|Publication number||US3949401 A|
|Application number||US 05/551,689|
|Publication date||Apr 6, 1976|
|Filing date||Feb 21, 1975|
|Priority date||Feb 25, 1974|
|Also published as||DE2408947A1, DE2408947B2, DE2408947C3|
|Publication number||05551689, 551689, US 3949401 A, US 3949401A, US-A-3949401, US3949401 A, US3949401A|
|Inventors||Wilhelm Hegeler, Lambert Maschmeyer, Hans Rasehorn|
|Original Assignee||Blaupunkt-Werke Gmbh|
|Export Citation||BiBTeX, EndNote, RefMan|
|Patent Citations (3), Referenced by (32), Classifications (7)|
|External Links: USPTO, USPTO Assignment, Espacenet|
The present invention relates to circuit arrangements useful in the field of broadcast traffic information systems, and more particularly to a circuit which automatically checks if a transmitter radiates a particular region identification frequency and, further, which automatically checks for the presence of a traffic announcement identification frequency.
In the Federal Republic of Germany, broadcast stations periodically radiate supra-regional, as well as regional traffic announcements. To be able to distinguish traffic announcements from normal broadcast programs, the transmitters radiate suitable identification frequencies. Since 1972, those of the transmitter stations which transmit traffic announcements radiate, in addition to their program content, a 57 kHz pilot tone. This pilot tone is normally not heard, and corresponds, to some extent, to the pilot used to transmit so-called "storecast" information under the Subsidiary Communications Authorization (SCA) of the frequency modulation spectrum, authorized for radio stations in the United States.
Regional identification systems were described in the literature, see, for example:
"Funktechnik", vol. 15 (1973), page 528;
"Traffic Information Broadcasting", Wireless World, May 1973, pages 238 to 240;
"Traffic Information Broadcasting in West Germany", "Wireless World", April 1974, pages 95 to 97;
"Funkschau", 1974, vol. 14, pages 535 to 538, article by Joachim Conrad;
"Rundfunktechnische Mitteilungen", vol. 18 (1974), issue No. 4, pages 193 to 202, article by Peter Bragas;
"Der blaue Punkt", "Blaupunkt-Information fur den Fachhandel", issued entitled "Dokumentation uber das Autofahrer Rundfunk-Informations System", issued by Verkauf/Marketing (VKM) der Blaupunkt-Werke GmbH, 32 Hildesheim, Robert-Borsch-Strasse 200, Germany ("The blue point", "Blue point information for the industry"; documentation relating to motorist broadcast information systems, issued by sales and marketing department of Blaupunkt-Werke GmbH).
The traffic information systems described in the foregoing literature, briefly, rely on FM transmitters which, between themselves, cover the entire region subject to the traffic identification system, in this case the entire nation. Selecting, as an example, the traffic corridor Washington-Philadelphia, for example, one FM transmitter, each, in Washington, Baltimore, Havre de Grace, Md., Wilmington, and Philadephia would radiate the 57 kHz pilot tone in addition to its normal entertainment program. A motorist travelling from Washington northward, for example, would be interested in the immediate traffic conditions in the Washington area. To further identify the transmitters, and eliminate response of the receiver to transmitters of overlapping range (as the Baltimore transmitter would have in the Washington region), the 57 kHz signal is additionally modulated by a region modulation frequency. This region modulation frequency is very low, and has been specifically selected so it can readily be derived from the 57 kHz pilot. Thus, by frequency division by three, a 19 kHz sub-pilot is obtained which, when divided by 32, provides a master sub-pilot of 593.75 Hz which, by selective frequency division by 25, 21, 17, 15, 13 and 11, respectively, provides six region identification frequencies, hereinafter referred to as BK frequencies of 23.75 Hz, 28.27 Hz, 34.93 Hz, 39.58 Hz, 46.67 Hz and 53.98 Hz. These region identification frequencies are modulated on the 57 kHz pilot, and thus characterize the geographic location of the transmitter, e.g. 23.75 Hz for Washington.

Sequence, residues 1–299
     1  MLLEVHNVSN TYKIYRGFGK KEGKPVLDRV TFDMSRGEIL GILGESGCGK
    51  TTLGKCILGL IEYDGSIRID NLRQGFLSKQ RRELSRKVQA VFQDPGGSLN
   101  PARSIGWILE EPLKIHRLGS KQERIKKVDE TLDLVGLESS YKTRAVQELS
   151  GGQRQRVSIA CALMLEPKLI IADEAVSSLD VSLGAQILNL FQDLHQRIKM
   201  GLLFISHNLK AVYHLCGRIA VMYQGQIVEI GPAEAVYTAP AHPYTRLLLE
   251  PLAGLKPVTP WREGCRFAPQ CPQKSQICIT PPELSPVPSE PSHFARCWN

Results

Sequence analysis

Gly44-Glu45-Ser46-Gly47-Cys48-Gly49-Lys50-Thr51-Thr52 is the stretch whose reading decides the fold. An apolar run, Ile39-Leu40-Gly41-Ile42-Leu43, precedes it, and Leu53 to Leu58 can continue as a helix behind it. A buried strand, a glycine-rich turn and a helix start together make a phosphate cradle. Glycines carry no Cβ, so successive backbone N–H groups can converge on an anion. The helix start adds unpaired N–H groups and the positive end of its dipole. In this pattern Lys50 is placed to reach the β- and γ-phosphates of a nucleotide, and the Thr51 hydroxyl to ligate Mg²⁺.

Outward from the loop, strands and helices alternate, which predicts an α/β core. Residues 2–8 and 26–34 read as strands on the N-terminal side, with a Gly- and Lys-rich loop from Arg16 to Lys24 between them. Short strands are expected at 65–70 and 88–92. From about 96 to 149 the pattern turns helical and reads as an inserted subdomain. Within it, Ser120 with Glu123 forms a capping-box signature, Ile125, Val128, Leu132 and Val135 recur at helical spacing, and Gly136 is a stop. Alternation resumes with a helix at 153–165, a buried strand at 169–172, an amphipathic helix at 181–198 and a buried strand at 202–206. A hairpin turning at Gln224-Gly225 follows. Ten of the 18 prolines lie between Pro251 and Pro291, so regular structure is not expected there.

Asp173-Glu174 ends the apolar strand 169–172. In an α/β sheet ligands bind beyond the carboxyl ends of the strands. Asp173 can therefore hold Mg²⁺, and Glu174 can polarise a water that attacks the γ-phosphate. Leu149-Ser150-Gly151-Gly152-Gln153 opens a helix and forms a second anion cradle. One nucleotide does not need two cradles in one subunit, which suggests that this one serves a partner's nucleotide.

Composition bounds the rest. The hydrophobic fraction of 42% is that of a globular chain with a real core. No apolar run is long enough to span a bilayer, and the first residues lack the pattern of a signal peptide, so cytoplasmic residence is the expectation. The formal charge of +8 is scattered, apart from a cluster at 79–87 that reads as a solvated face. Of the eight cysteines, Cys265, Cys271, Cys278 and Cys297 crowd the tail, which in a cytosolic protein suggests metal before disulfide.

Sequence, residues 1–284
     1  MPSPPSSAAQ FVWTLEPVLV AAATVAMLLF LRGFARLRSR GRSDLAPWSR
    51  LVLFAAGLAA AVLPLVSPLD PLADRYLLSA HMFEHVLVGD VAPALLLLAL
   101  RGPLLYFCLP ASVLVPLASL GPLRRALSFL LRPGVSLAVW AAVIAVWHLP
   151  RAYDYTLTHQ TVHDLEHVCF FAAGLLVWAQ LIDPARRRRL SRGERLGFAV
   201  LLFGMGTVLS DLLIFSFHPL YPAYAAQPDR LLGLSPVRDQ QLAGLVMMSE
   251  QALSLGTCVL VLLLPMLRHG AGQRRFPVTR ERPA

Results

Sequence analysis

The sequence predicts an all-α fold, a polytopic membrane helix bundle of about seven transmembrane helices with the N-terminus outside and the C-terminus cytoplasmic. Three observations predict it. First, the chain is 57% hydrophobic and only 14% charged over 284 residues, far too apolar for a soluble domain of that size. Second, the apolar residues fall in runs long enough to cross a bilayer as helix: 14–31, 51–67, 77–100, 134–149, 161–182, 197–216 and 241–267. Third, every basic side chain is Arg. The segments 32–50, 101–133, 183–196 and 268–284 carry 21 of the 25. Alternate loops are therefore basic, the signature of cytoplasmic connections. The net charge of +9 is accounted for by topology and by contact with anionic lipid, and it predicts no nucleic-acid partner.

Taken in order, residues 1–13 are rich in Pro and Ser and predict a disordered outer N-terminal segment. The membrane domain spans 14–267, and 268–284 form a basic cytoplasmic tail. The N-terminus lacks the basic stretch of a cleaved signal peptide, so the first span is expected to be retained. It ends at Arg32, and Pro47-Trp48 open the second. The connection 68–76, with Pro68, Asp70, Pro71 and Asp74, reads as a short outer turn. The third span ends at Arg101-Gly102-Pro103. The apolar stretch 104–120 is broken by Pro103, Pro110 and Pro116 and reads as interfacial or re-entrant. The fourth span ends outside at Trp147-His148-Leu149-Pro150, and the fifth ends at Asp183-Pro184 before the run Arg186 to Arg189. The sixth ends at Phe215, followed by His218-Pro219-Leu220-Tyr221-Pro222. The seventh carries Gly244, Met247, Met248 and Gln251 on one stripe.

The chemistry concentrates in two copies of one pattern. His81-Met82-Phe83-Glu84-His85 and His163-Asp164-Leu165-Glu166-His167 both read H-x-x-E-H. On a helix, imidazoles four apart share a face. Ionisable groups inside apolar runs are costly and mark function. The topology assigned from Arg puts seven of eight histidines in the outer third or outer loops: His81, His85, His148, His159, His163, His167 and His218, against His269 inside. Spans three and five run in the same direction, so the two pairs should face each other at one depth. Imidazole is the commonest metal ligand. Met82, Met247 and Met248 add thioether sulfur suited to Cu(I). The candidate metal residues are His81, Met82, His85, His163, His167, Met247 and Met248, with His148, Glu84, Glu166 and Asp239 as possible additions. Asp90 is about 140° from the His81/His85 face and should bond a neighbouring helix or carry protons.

The transmitters, as noted, radiate their normal entertainment programs. In addition, and from time to time, they radiate on the same channels which provide the entertainment program (mono-aural or stereo) such traffic information as is appropriate. Since entertainment programs, particularly when listening while driving, are frequently not given sufficient attention, a special signal has been developed to distinguish traffic announcements from other program content. This signal has been allocated a special frequency, the traffic announcement identification frequency, hereinafter DK signal. The DK signal has been allocated 125 Hz, and is obtained from the 19 kHz pilot by dividing the pilot by 152. This signal is employed to switch the receiver, for example by increasing the volume, or by muting a recorder, such as a cassette recorder, another radio, or the like, and switching the reproducing loudspeaker, for example at an elevated volume, to the transmitter which transmits the traffic information. It is assumed, of course, that the automobile radio is turned on. This signal may be used to increase volume to a preset level, regardless of the volume setting of the automobile radio as such. This DK signal preferably persists during the entire time that traffic information is being broadcast.